Even though most CUs have branches that are at least partially open, many members still prefer to manage their money and get the answers they need online or by phone rather than in-person. Which is why one of the consistent side effects for the past few years has been greatly increased call volume at credit union call centers.
Your credit union’s website can be an effective tool to cut down on call center volume for routine questions and improve member satisfaction. When you add the right resources, your website helps members help themselves, and adds real value to the bottom line.
Set up a help center on your website, pronto
If you don’t already have a help center on your credit union’s website, well, what are you waiting for?
You should be able to get a small group of questions and answers in text form in place pretty quickly, and flesh things out with images, screenshots and video as you go. You can get started with five or ten questions and answers and build from there.
Make sure you plan for an index of topics, so it’s still easy for your members to find what they need as your library grows.
Remember to link to specific Q&As on other related pages as well. For example, link those Bill Pay Q&As from your Bill Pay page.
You’ll also want to make sure each question and answer includes a quick form so you can get feedback from members on what you can do better, or what questions they still have.
Generate a list of FAQs
Ask the folks in your call center: what are the top ten questions you’re getting? Believe me, you’ll get plenty of material.
Now think about the general topics, and narrow these down into groups of questions you could answer with a description, some annotated screen shots, or even a video.
For example, “what’s your routing number” is consistently one of the most common website search questions and calls. How can you make this even easier to answer without a phone call?
Post your list of FAQs and answers on your site, and be sure to stay in touch with your call center folks to keep that list current.
Tweak the text to get search and SEO on your side
If someone uses the search engine inside your site, will they get what they need? What if someone Googles their problem? Make sure the questions and answers use the real language real people like your members really use. Mix things up a little, too – for example, use both “car loan” and “auto loan”.
Keep things short, simple, super-friendly, and slow.
If someone has a question, they’re already a little frustrated. Keep things super-duper simple, quick, and to-the-point. This isn’t the time for marketing or lengthy explanations of why something works the way it does.
Break processes down into separate steps based on questions people have most often. Use numbered lists to show the steps.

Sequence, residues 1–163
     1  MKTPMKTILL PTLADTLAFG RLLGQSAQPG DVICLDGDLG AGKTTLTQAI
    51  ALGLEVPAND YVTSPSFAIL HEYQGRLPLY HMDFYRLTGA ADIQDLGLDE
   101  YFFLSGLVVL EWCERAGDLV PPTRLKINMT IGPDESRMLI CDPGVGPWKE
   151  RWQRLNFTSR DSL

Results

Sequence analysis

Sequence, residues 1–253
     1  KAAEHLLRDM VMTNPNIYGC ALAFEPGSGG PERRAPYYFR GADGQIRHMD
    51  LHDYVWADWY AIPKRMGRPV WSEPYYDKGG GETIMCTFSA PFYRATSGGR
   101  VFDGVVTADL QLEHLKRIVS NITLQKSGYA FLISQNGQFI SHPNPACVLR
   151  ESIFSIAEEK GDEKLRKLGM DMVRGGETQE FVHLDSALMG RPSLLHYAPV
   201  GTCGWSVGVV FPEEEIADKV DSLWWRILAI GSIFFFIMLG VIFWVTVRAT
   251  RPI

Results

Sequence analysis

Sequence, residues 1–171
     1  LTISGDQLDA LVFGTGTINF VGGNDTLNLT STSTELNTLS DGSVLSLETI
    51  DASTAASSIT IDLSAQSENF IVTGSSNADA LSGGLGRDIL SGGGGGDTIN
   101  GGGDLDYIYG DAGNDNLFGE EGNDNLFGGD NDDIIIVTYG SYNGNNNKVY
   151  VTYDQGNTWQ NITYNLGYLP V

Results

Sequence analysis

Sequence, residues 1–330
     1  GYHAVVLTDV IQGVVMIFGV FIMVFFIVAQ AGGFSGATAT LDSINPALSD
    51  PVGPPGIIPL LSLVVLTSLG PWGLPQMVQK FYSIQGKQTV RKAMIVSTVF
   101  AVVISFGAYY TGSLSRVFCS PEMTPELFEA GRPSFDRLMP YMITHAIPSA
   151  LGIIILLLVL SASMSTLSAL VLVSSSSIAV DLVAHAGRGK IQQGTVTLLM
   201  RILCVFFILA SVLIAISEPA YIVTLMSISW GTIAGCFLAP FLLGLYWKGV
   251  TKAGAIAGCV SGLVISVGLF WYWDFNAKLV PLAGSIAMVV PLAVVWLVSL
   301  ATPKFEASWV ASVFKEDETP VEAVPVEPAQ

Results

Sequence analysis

Don’t assume people know their way around their computer or phone very well. Use a friendly, positive, and reassuring tone without being condescending. Your members are probably already a little embarrassed they had to look for help.
If you’re using video or audio, slow down. Give people a little extra time to follow along. Keep videos short (60 seconds or less if possible), and focused on one specific task. Break up multi-step processes into more videos rather than one long video, and make sure the text descriptions are clear.
Use your actual systems and terminology
Accuracy is especially important when people are a little unsure. For example, if your online banking login asks for “Username”, don’t say “Type your Login here”. Web-savvy folks will know “Login” means “Username”, but someone who’s having trouble might get totally derailed looking for a “Login” blank.
Likewise, in visuals like screenshots or videos, it’s very important to produce these using your actual systems, not a generic test system, so that people will know exactly what to look for.
You’ll also want to make sure screenshots are clearly designated with an outline or something similar so they’re not confused with the actual interface.
And show both mobile and desktop views when needed, even if things work pretty much the same. The differences in appearance and interface (“tap” vs. “click”, on-screen vs. physical keyboard, etc.), can sometimes be confusing if people are unsure or not all that accustomed to mobile devices.
Make it as visual as you can
Writing some basic FAQs and answers is a great start, but nothing communicates like short screen capture videos showing members exactly what to do and where to click. If video isn’t an option, think about adding a series of screen shot images. Be sure to add videos or links to the product pages too.
Train staff and members to turn to the help center
Of course, you’ll want to make sure your Help Center is easy to find from anywhere on your site. Put it in the header or footer so that it shows up on every page. Once you have enough material, be sure to actively promote it, so your members know it’s there before they call for help.
It’s also important to train staff to point out your help center in the course of answering questions. Saying “If you ever need a reminder, just go to our website and click ‘Help’ in the top right corner” or “If you have any questions about this later, just visit our website and type your question in the Search bar at the top” should help to reduce repeat call volume.
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